But I never stopped being a formalist, in the sense that when I work I aim to solve formal problems and I leave the meaning of my work for my instincts to express, always hoping the content will be intrinsically embodied in the piece. I think of Fra Angelico, a deeply religious man, who painted exquisite frescoes for the Dominican friars in San Marco according to high standards of color and composition. While working he was surely thinking, “Lighten up this green” and “Move this line just a bit to the left,” rather than ruminating on the life of Christ. Yet he expressed deep reverence and piety in those magnificent murals. Meaning takes care of itself while one is concentrating on form.

 

In 1983 a fortuitous accident led me to plaster. Hydrocal, a dense form of it, became my default substance for flatness: it is a beautiful and variable material with inherent, unfaltering physicality and opaqueness, but it’s also a substrate that, with proper preparation, can accept painted imagery in detail. I had come to love impermeable surfaces—helped by Tapies’s sand-mixed and straw-embedded reliefs and, later, Anselm Keifer’s porcelain-encrusted canvases. What I began to crave in my own work was a tiny slip of something precisely painted—red fabric, or a clouded sky—bursting through or pressed up against a resolutely physical substance: buried treasure pushing its way through essential flatness, defiantly claiming space.

 

In the nineties I poured 500 pounds of pigmented Hydrocal into a casting box designed to break apart the nine-inch-thick slab that formed; later I painted shimmering waters of a swimming pool on the smooth top surfaces of this slab. Illusionism died at the fractured cliffs, the edges of disappointment; realism collided with abstraction, painting turned into sculpture, and deep water became flat. I wanted space and depth and the illusion of deep water, but I also needed to stop it, to close down the illusion, to be “true to the surface.” Again I realized only later: I am smashing up someone’s pool!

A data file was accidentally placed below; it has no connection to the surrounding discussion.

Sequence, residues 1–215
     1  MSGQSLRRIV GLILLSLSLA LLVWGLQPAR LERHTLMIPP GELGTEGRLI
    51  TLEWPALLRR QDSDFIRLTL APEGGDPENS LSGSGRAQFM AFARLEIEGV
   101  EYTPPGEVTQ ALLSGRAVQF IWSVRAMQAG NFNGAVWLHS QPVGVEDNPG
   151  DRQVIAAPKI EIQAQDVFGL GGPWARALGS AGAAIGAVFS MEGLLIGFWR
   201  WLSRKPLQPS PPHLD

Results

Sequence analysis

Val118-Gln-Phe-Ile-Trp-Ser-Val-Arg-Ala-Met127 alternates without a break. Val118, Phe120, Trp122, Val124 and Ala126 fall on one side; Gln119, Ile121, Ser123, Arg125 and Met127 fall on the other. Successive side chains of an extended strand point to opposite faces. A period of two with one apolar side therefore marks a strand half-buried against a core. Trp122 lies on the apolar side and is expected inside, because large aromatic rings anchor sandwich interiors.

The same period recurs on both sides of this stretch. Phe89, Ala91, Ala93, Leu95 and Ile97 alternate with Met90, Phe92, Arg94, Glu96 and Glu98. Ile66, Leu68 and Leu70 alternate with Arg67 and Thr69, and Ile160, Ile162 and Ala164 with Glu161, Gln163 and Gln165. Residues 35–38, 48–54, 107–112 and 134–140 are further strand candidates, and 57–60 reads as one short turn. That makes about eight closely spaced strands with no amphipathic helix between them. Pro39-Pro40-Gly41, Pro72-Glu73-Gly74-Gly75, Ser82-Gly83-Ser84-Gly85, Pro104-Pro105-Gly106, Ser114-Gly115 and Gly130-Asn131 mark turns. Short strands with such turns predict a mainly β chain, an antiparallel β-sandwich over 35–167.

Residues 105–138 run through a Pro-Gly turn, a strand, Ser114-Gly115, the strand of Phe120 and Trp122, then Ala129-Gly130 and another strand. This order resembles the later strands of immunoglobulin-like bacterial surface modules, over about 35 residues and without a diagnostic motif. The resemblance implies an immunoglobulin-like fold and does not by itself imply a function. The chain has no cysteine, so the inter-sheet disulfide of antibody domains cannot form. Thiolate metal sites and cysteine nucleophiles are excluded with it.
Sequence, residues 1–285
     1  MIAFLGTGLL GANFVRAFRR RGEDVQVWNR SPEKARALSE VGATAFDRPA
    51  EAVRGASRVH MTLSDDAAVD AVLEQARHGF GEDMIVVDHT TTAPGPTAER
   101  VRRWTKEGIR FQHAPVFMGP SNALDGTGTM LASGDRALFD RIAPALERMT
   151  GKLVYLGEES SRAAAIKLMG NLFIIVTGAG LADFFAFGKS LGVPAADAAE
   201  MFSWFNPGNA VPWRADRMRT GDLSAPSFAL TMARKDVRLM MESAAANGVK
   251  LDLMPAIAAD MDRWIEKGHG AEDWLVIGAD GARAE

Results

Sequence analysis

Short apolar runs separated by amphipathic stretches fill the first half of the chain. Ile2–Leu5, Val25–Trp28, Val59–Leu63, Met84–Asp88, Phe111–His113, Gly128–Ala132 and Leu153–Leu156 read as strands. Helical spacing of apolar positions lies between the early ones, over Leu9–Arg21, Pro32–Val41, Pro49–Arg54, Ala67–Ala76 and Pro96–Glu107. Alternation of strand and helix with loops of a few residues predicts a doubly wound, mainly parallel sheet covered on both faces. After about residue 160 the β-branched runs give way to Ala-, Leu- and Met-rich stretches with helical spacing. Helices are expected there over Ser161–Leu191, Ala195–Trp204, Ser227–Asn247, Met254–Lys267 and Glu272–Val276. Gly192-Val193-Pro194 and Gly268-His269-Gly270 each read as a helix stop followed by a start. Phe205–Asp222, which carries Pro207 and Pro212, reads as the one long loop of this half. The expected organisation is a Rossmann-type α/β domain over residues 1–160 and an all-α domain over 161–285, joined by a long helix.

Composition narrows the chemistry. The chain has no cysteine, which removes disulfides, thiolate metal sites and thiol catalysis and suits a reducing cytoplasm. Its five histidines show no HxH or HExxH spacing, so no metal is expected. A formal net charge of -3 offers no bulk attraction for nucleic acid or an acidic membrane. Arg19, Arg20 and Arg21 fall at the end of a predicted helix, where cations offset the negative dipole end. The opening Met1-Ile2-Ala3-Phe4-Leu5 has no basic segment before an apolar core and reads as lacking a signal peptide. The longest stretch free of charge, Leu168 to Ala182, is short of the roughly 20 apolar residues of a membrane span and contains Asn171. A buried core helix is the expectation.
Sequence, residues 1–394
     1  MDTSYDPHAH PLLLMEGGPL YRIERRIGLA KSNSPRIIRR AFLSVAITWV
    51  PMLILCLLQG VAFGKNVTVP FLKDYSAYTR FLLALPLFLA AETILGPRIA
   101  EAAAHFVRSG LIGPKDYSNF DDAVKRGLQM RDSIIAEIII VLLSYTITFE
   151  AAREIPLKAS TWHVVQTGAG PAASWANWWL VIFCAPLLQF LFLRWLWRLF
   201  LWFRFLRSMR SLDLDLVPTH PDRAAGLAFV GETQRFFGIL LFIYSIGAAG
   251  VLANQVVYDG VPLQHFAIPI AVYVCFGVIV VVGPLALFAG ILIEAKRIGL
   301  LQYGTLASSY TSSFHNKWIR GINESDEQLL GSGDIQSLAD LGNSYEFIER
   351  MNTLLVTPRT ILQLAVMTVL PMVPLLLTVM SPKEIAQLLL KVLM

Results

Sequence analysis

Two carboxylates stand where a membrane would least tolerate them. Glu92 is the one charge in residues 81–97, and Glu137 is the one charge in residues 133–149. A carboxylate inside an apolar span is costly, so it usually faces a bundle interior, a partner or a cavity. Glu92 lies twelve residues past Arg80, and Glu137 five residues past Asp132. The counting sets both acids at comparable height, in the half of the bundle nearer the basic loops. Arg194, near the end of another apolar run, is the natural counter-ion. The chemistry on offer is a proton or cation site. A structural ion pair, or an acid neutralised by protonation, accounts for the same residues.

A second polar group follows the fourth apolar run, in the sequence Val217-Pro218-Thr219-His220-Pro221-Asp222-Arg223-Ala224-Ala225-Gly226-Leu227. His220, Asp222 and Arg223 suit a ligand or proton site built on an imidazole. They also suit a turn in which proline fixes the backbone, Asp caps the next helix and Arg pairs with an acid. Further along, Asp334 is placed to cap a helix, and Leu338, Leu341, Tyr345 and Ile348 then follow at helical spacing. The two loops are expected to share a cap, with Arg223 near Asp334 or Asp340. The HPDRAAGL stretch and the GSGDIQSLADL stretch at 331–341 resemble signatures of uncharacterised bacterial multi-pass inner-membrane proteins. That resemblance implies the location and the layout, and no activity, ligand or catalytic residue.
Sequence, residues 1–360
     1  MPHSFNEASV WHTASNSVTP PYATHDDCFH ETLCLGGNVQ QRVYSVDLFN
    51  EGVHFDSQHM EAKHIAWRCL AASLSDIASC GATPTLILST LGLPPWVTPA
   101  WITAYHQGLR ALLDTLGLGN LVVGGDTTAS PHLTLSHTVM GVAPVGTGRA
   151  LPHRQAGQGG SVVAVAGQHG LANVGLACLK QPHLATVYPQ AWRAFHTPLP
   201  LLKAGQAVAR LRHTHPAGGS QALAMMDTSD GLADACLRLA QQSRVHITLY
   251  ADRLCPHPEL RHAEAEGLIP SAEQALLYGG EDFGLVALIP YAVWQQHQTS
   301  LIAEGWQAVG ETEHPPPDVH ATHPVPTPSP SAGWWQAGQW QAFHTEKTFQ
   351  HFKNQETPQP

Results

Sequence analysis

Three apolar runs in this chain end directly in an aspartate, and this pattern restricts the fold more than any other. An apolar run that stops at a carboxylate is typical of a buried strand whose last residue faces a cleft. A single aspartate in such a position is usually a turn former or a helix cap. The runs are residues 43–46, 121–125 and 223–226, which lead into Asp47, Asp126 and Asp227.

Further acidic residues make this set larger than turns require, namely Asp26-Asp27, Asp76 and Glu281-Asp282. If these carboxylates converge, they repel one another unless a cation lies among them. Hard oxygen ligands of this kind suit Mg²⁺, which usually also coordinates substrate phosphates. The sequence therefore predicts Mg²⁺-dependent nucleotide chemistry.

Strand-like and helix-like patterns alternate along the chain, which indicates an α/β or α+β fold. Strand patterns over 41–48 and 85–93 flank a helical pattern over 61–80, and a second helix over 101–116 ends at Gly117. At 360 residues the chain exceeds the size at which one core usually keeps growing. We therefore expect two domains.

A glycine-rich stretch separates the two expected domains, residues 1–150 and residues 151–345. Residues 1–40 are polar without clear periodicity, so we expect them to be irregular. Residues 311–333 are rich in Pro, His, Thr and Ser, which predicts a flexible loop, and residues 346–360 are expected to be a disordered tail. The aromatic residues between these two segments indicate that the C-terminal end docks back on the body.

When I was young, I didn’t know that my search for formal solutions would toss me headfirst into such issues of content. My youthful struggle to find my way within Greenberg’s limits led, ultimately—and unexpectedly—to a means of confronting the societal and environmental breakdowns that have haunted me through the decades. You can’t, after all, destabilize “illusionism” without also destroying the very subject you are painting.

 

Though I can’t say exactly when I became aware of this, I began more consciously to use my form to express my content. My earliest landscapes may not have been intentionally about climate change, but they surely embodied disappearance, loss, and man-made encroachment in the form of rust. During the years I spent anguishing about escalating political violence and IEDs, nothing seemed more useful to me than the potential of plaster to rupture. As I react now to images I captured in the Arctic in 2013, I find myself once again setting illusion against flatness: laying photographic emulsions into crevasses of abraded plaster, or juxtaposing snow-capped mountains against sheets of rusted steel that, although nothing more than surface, evoke the early industrial detritus I saw near the North Pole, marking the beginning of the end of wilderness.

 

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Essay by Karl Baden in Saint Lucy

December 20, 2016

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KARL BADEN

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Karl Baden, Death Valley, California, 1975

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I graduated from college in December of 1975. I should have graduated with my classmates the previous Spring, but a couple of years earlier I had taken a semester off to go to Peru. I won’t disclose my reasons for going; I’ll just repeat: I went to Peru.

 

I brought along my dad’s old 35mm Mamiya Sekor, and by the time I came back, I had – at least in my mind – become a photographer.